These Satellites Are the Smallest to Ever Reach Earth’s Orbit
They put us one step closer to faster, cheaper interstellar travel.
A Giant Leap for Chipkind
On June 23, Breakthrough Initiatives successfully sent six “Sprites” into orbit, marking an exciting milestone in the Breakthrough Starshot project — an initiative to send vast numbers of nanoships to Alpha Centauri, our nearest star system.
The miniature craft weigh just 4 grams each and are the smallest satellites ever sent into space. The test was designed to reveal how well the satellites’ electronics systems and radio communications performed in orbit.
The launch of the Sprite satellites marks the first demonstration that miniaturized electronics on small chips can be launched without damage, survive the harsh environment of space and communicate successfully with Earth. The Starshot Initiative aims to launch similar chips attached to a lightweight sail that it being pushed by a laser beam to a fifth of the speed of light, so that its camera, communication and navigation devices (whose total weight is of order a gram) will reach the nearest planet outside the solar system within our generation.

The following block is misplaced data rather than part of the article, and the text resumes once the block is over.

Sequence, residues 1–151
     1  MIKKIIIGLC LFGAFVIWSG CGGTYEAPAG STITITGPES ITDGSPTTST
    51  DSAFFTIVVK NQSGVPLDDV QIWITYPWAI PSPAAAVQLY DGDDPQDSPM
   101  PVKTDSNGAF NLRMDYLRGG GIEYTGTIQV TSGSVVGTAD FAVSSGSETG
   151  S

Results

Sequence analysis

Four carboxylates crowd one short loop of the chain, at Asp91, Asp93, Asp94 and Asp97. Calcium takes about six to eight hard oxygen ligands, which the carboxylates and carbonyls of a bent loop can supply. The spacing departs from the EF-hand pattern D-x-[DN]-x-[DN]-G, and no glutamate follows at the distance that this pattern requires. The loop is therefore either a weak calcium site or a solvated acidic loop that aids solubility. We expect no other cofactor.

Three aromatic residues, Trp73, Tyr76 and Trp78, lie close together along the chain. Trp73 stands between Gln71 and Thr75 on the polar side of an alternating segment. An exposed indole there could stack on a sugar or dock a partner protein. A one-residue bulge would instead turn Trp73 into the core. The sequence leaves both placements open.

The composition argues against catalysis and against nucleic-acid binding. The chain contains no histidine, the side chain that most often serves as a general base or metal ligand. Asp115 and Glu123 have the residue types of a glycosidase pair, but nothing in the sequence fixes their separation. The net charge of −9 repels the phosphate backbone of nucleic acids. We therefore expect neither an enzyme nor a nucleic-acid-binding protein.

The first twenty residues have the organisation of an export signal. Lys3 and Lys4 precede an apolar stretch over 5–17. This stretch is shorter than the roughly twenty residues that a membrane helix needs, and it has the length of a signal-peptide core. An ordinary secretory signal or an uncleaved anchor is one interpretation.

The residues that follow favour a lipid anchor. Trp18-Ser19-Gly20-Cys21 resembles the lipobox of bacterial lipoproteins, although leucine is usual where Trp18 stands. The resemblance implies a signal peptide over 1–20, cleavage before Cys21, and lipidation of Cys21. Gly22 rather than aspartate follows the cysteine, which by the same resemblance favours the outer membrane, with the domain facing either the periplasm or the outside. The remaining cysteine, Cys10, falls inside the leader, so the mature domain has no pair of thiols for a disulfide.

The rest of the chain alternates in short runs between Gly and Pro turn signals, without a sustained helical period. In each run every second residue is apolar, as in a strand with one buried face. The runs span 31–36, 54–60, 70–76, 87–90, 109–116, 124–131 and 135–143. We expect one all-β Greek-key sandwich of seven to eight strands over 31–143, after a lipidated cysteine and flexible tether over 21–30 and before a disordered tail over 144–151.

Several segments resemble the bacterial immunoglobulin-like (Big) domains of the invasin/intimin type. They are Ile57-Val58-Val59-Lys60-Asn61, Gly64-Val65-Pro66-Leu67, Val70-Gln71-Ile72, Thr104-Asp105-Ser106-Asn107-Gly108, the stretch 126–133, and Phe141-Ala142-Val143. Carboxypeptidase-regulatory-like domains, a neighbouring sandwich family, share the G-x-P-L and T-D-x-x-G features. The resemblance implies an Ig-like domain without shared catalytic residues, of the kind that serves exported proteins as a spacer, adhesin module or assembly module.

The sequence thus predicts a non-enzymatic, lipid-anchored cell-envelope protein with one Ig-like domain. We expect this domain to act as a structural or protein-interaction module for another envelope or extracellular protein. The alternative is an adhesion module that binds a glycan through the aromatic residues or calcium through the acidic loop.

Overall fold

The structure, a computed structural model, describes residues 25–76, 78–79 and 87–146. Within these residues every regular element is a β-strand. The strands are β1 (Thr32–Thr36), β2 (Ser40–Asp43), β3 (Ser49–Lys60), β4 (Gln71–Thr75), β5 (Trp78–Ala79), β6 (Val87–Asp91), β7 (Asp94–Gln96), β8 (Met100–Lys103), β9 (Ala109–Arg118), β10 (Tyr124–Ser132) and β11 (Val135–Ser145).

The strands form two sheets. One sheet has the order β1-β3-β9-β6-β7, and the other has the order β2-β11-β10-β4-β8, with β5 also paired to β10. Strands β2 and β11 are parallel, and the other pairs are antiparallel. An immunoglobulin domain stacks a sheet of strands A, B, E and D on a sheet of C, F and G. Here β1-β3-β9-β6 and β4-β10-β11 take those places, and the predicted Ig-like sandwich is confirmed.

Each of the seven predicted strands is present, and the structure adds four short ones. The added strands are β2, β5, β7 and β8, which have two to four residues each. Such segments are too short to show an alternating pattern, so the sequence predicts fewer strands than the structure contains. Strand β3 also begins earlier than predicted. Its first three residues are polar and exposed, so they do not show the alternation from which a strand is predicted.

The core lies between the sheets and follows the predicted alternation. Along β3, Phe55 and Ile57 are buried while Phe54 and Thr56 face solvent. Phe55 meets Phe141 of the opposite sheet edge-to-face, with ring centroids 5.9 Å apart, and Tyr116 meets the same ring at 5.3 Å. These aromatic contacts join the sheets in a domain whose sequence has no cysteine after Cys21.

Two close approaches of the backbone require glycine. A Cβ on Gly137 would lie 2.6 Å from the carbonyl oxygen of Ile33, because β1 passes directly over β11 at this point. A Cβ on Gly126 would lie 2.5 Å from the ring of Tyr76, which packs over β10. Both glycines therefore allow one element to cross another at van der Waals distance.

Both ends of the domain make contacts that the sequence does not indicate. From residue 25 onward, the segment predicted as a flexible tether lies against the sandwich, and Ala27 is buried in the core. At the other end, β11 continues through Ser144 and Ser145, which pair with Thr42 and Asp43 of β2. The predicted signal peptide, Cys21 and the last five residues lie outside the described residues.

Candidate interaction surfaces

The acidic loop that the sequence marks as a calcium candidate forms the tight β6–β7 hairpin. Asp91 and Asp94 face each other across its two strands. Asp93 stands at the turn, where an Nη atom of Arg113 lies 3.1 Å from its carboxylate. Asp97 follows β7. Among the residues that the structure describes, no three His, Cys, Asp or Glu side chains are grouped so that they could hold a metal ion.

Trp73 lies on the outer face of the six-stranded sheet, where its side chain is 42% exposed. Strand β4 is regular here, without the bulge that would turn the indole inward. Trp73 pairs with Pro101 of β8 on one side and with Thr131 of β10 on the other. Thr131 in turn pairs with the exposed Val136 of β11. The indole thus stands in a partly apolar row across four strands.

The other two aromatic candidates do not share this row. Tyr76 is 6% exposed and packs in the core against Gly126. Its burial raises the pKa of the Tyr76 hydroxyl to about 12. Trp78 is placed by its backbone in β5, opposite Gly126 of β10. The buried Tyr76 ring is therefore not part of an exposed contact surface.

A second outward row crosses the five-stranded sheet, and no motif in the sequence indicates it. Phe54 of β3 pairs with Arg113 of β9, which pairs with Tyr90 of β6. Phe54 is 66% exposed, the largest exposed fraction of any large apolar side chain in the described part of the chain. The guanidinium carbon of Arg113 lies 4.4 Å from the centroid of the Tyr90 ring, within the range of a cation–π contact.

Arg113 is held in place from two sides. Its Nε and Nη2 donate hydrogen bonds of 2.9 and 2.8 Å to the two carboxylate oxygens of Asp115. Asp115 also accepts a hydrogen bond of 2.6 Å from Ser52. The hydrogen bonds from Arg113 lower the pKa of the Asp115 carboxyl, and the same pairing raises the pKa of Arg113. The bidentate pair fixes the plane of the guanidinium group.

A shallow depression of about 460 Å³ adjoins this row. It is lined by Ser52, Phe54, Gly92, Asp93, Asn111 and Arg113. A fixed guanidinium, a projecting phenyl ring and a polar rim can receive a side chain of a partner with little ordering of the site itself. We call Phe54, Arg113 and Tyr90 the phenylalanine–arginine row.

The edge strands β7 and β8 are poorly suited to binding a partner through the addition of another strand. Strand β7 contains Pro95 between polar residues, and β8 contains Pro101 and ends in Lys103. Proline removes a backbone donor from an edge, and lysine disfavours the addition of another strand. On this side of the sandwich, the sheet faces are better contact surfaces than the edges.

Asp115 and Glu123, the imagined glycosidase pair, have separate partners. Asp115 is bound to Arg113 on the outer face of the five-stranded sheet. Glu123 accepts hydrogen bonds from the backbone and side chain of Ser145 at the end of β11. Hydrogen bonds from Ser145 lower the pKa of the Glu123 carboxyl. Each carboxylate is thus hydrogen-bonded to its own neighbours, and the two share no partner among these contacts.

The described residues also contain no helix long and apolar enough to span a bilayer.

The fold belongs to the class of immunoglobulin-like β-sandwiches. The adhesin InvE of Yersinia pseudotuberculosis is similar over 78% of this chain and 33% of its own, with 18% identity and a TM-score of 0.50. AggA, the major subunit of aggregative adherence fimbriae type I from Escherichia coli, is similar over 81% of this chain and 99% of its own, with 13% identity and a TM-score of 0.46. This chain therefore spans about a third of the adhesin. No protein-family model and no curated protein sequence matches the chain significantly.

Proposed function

Our Universal Adventure
The Breakthrough Starshot initiative is an ingenious solution to many of the problems associated with traditional space rovers. Those complicated machines can sometimes fail, their size and weight can impair propulsion, and a single craft that can only travel to one destination can require a huge financial investment.
These tiny spacecraft should radically decrease the cost of interstellar exploration, while simultaneously increasing the speed at which we reach distant star systems. They’re also just one example of the many inventions that we are developing to investigate the cosmos.
Over the next few years, InSight will be launched to unearth the secrets beneath Mars’ surface, the James Webb Space Telescope will be sent into orbit so we can see the universe like we’ve never seen it before, and the Falcon Heavy will be tested, bringing us one step closer to setting foot on the Red Planet.
Thanks to all these fascinating new technologies, we are living in the golden age of space exploration. The mysteries of our universe are being decoded, space is being deciphered, and technology is giving us new tools in the hunt for extraterrestrial life. Truly, there has never been a more exciting time to study the starry void in which we float.
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